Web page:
initial velocity (speed) and trajectory (path). When fully operational, it will
support launches from the Kennedy spaceport, including upcoming Orion
missions. The Launch Communications Segment’s three ground stations are located
at Kennedy Space Center; Ponce De Leon, Florida; and Bermuda.
When Parker separated from the Delta IV
Heavy, the Deep Space Network took over. Antennas up to 230 feet in diameter at
ground stations in California, Australia and Spain are supporting Parker for
its 24 orbits around the Sun and the seven Venus flybys that gradually shrink
its orbit, bringing it closer and closer to the Sun. The Deep Space Network is
delivering data to mission operations centers and will continue to do so as
long as Parker is operational.
Sun, radio interference and the heat load on the spacecraft’s antenna makes
communicating with Parker a challenge that we must plan for. Parker has three
distinct communications phases, each corresponding to a different part of its
When Parker comes closest to the Sun, the
spacecraft will emit a beacon tone that tells engineers on the ground about its
health and status, but there will be very little opportunity to command the
spacecraft and downlink data. High data rate transmission will only occur
during a portion of Parker’s orbit, far from the Sun. The rest of the time,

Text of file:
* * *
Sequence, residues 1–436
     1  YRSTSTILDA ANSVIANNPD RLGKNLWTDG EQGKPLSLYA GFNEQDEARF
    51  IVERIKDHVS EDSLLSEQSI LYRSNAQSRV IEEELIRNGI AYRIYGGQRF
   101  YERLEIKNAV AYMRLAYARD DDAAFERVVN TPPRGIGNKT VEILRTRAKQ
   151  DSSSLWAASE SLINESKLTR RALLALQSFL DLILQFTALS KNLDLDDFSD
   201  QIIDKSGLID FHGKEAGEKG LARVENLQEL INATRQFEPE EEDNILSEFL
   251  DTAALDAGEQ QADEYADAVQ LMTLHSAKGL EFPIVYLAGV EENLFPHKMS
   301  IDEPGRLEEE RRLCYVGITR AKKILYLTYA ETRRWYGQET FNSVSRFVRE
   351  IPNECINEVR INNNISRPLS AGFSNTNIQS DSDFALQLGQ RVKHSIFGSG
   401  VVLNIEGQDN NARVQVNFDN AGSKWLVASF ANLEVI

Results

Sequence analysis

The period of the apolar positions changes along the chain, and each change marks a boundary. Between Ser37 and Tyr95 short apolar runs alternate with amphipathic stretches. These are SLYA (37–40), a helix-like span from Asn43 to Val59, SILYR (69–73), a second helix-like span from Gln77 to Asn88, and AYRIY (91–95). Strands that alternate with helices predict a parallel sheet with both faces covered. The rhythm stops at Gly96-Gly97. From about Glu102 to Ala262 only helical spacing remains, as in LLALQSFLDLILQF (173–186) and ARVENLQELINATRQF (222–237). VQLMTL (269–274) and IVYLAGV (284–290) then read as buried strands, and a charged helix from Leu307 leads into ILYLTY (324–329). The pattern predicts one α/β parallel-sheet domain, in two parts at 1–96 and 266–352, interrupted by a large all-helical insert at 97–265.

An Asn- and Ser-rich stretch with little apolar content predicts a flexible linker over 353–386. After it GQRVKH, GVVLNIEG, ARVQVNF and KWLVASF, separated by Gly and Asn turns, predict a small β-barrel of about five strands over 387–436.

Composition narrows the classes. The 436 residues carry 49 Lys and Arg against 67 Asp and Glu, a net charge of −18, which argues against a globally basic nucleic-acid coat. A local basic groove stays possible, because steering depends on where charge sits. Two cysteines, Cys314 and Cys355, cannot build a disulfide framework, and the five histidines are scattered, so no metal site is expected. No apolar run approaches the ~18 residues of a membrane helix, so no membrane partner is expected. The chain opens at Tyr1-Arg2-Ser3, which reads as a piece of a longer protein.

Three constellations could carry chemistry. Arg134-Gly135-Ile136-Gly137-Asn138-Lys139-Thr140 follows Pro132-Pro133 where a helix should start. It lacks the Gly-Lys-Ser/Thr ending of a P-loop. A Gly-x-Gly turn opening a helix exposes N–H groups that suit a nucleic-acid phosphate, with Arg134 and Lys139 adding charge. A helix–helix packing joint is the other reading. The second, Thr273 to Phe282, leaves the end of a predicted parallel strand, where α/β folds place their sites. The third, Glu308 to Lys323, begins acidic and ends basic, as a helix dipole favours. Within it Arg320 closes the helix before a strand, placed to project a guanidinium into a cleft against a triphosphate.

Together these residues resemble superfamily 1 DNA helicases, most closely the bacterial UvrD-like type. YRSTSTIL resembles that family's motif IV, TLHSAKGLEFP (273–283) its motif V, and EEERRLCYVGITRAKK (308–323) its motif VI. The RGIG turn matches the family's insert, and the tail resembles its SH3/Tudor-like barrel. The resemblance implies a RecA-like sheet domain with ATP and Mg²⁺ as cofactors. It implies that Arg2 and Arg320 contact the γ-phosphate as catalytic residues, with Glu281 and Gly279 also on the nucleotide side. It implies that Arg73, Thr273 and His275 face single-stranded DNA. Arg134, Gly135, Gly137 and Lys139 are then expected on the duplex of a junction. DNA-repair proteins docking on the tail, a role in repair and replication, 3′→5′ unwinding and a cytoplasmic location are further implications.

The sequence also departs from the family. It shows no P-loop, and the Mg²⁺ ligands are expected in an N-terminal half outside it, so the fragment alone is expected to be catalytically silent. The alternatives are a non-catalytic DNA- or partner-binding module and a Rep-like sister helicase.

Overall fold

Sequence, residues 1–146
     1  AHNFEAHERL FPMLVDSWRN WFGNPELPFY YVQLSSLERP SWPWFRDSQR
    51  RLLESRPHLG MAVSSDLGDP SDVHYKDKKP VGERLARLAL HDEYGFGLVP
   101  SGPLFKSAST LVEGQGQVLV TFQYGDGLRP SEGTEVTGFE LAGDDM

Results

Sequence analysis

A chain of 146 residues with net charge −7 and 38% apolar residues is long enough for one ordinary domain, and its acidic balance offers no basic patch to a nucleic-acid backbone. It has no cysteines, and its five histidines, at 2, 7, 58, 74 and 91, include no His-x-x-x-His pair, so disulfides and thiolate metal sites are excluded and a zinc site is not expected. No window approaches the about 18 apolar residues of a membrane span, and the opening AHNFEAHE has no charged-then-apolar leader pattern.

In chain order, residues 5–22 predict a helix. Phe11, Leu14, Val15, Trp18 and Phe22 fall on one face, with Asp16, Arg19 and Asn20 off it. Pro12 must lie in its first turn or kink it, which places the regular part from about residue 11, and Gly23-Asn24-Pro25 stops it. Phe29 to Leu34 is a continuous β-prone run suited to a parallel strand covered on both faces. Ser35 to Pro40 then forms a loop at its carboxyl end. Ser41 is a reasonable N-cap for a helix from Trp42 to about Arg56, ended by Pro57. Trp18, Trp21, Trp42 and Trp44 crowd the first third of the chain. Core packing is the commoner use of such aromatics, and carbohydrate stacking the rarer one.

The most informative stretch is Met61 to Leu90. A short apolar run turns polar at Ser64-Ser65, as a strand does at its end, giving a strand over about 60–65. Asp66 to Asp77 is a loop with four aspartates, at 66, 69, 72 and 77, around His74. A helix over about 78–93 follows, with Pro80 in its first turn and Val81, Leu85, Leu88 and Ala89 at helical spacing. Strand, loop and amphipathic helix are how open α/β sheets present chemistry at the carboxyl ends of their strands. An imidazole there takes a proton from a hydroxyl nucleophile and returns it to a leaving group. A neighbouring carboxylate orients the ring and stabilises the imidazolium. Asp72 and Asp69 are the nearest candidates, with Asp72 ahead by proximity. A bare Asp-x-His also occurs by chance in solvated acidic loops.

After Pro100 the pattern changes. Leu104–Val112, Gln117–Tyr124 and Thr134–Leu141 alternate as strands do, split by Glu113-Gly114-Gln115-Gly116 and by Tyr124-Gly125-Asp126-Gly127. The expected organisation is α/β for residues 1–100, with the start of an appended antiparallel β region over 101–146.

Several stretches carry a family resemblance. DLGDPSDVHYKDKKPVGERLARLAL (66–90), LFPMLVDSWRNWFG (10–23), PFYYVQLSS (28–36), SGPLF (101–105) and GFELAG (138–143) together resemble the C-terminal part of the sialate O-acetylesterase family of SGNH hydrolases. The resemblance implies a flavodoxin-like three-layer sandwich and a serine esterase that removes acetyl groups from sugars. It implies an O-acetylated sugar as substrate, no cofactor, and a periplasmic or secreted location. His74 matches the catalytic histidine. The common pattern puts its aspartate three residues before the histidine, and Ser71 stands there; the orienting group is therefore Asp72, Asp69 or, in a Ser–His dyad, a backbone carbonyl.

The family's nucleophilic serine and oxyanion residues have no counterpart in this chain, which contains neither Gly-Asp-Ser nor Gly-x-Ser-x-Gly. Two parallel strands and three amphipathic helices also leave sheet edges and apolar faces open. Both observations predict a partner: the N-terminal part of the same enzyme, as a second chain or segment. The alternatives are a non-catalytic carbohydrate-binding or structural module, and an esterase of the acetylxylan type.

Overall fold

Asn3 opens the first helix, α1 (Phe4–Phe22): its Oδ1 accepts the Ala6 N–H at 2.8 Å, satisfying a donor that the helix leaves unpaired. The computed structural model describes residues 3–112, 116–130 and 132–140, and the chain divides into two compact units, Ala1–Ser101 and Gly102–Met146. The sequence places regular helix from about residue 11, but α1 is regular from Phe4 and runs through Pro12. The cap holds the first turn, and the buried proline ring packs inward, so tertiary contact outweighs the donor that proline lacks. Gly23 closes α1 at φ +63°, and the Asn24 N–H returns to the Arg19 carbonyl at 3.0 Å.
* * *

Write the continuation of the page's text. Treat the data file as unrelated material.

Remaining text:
Parker will be in cruise mode, taking measurements and being commanded through
a low data rate connection with Earth.
Communications infrastructure is vital to
any mission. As Parker journeys ever closer to the center of our solar system,
each byte of downlinked data will provide new insight into our Sun. It’s a
mission that continues a conversation between us and our star that has lasted many
millions of years and will continue for many millions more.
In astrology much is spoken of in superstition, unlike science that is a field where one studies, researches or investigates something to complete the final result, that is, science is made of facts. But honestly I have never studied or researched aboult astrology, so I prefer not to comment on it, consciousness is quite quoted in quantum physics, although many physicists do not like to involve the action of consciousness and quantum physics.